Mayor Street’s ill-advised gambit
The major obstacle to success at this point is not the price tag but rather Mayor Street’s ill-advised attempt to designate “The Gross Clinic” as “a historic object,” a seldom used category of the city’s preservation ordinance that allows the Philadelphia Historical Commission to block the sale or alteration of any object so designated. The preservation statue is flawed on several counts.
First, there is the question of its unresolved constitutional status. The court challenge to the ordinance brought earlier by the Jack Merriam estate was aborted when the Pew Trusts came to the rescue at the eleventh hour. If the mayor succeeds in defining “The Gross Clinic” as “a historic object,” the most likely results will be: (1) Jefferson will (and should) challenge the constitutional grounds for doing so; (2) the purchase agreement into which Jefferson has already entered will be seriously compromised, if not terminated, because of uncertainty on the buyers’ part as to the painting’s legal status; (3) the painting’s market value will be depressed, an unfair (even if unintended) consequence for Jefferson; and (4) efforts by local groups to match the offer by December 26 will be rendered more difficult if not impossible.
How to discourage art
Even if we set aside the constitutional issues, the “historical object” ordinance is unsound in ways no court can correct. For starters, it serves as a powerful disincentive for a private developer to buy or commission (or for a private organization to receive as a donation) any work of art for public display that might achieve iconic status. Philadelphia is fortunate that the Curtis Publishing Company commissioned the Parrish/Tiffany team to create “Dream Garden”. Would Curtis Publishing have done so if it had known the company might be saddled with an untouchable “historic object?” With this ordinance now on the books, why should some existing or future company do what Curtis did? It’s difficult to think of a justification.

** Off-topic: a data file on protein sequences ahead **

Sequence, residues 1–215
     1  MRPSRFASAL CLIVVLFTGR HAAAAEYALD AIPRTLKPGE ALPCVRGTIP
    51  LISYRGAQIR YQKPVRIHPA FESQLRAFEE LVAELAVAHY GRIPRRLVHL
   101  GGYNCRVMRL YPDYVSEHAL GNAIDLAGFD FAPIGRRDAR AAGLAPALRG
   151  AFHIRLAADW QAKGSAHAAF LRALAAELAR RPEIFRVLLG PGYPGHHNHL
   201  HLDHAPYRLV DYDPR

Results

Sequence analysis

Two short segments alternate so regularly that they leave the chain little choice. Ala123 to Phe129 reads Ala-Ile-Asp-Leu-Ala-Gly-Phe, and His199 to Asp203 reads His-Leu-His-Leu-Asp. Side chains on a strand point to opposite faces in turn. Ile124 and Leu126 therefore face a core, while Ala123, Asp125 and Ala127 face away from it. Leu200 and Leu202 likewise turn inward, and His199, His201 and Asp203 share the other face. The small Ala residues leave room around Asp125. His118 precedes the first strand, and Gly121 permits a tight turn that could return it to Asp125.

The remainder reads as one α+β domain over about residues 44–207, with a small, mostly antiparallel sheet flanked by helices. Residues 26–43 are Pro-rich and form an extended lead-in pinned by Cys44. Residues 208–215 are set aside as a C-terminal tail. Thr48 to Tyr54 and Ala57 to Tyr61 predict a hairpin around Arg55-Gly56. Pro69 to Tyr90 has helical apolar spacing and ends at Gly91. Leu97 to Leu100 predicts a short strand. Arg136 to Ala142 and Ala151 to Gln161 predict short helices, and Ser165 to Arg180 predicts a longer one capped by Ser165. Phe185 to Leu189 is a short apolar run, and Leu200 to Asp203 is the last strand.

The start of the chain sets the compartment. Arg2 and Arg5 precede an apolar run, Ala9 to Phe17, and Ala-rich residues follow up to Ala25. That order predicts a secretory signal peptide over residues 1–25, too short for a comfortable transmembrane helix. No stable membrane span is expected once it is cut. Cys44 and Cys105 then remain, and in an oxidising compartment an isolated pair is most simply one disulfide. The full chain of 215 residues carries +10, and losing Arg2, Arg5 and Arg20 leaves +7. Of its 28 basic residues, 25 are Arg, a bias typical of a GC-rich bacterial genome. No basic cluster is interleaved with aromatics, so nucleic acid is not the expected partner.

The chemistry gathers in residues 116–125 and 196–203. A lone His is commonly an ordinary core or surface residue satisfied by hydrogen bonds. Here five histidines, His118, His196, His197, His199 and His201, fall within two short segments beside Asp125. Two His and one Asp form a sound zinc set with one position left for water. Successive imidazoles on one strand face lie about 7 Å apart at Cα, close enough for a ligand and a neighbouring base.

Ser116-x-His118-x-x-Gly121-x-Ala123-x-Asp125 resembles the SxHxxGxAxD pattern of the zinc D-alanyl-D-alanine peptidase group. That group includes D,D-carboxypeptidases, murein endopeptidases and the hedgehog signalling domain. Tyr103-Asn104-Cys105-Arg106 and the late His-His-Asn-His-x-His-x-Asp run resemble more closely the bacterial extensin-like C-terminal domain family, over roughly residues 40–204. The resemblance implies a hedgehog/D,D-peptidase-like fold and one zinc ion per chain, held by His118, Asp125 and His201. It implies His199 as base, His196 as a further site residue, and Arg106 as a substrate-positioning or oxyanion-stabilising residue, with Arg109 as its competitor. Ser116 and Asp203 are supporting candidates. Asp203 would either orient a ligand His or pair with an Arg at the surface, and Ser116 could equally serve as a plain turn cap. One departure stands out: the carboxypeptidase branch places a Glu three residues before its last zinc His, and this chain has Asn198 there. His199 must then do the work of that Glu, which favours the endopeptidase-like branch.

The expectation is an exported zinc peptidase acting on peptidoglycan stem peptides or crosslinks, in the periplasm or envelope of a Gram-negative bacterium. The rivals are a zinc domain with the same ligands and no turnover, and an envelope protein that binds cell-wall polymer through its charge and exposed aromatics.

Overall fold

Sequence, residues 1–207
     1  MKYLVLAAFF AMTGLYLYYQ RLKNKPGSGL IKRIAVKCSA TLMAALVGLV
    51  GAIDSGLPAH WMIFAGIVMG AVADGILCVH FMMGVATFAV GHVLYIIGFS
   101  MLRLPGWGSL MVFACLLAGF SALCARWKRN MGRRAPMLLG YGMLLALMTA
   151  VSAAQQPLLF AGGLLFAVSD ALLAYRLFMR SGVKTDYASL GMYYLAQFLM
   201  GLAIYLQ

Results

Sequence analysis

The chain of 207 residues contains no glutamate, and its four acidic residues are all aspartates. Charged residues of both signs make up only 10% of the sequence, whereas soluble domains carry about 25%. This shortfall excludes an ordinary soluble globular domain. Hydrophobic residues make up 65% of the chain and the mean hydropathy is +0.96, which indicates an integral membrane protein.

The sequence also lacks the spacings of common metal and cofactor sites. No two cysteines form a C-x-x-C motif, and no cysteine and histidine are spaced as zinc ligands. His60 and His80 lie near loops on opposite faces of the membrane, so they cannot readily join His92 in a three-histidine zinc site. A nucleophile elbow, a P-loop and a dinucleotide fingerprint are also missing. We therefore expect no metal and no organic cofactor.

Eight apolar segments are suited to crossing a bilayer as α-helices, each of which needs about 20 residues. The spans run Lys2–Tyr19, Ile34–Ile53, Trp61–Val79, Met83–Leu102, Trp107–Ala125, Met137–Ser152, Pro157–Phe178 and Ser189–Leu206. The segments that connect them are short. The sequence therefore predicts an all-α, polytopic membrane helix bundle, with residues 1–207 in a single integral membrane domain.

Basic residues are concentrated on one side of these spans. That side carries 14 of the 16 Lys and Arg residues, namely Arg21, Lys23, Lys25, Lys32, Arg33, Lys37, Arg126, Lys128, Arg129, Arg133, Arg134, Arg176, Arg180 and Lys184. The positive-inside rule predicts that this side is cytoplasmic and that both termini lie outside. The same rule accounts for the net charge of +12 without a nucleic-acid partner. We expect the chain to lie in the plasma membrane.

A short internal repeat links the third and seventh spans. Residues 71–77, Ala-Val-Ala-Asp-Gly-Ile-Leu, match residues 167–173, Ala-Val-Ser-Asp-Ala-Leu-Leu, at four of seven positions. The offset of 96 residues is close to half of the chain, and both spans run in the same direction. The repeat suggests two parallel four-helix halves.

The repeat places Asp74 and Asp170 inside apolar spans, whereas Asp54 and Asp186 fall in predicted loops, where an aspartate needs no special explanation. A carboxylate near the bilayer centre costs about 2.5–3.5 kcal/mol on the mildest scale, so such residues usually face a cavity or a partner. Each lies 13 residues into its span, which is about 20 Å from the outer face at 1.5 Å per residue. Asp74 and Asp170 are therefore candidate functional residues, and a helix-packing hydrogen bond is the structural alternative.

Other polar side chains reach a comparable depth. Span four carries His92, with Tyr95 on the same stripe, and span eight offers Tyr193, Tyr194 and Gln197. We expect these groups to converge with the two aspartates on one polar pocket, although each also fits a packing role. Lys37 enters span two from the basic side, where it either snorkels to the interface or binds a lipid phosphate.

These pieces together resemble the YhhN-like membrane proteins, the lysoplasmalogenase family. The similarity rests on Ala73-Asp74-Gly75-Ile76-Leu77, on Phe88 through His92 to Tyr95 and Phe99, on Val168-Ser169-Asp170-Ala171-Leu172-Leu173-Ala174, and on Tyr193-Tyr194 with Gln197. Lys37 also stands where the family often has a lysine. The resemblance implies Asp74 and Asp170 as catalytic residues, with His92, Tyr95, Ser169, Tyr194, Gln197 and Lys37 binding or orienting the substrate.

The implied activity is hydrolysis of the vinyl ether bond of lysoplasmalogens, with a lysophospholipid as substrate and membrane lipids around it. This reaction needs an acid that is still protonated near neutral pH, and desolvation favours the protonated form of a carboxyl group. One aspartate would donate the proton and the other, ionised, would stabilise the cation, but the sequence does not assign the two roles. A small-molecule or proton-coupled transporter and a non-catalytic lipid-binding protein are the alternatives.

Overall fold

The preservation ordinance also interjects an unnecessary complication into the operations of not-for-profit organizations that occasionally receive art works and other historical objects. Such objects may possess cultural value, but usually they’re a financial liability—more expensive to maintain, insure and conserve than any income they generate, short of exchanging or selling them. And selling them is difficult under the best of circumstances (especially for museums) because of stringent guidelines on divesting cultural objects once they are formally accepted.
Jefferson is a cultural asset, too
To prevent Thomas Jefferson University from selling “The Gross Clinic” (a gift from its alumni) because it is a protected historical object in effect imposes an additional cost on an institution that already struggles to meet its operating costs. Yes, art works are valuable cultural assets that need protecting. But so are institutions (like Jefferson) that occasionally receive such objects but that also contribute in their own ways to the cultural vitality of our community.
If it’s truly in the public interest to bestow upon certain artistic and/or historical objects a special status, then the same governing bodies should create a special fund to compensate the organizations for which historic designation causes hardship. Something similar is common practice with real estate in eminent domain cases, and “the public good” is the justification for this accepted practice.
Thomas Jefferson University has opened a window of opportunity for the city. The Museum of Art and the Pennsylvania Academy have taken the lead in responding to that opportunity. City government should back off from its intended course of action. If it doesn’t, everyone will most likely lose— Jefferson, the city, the public and our cultural heritage.
Gresham Riley ([email protected]) is president emeritus of Colorado College (Colorado Springs, Col.), former president of the Pennsylvania Academy of the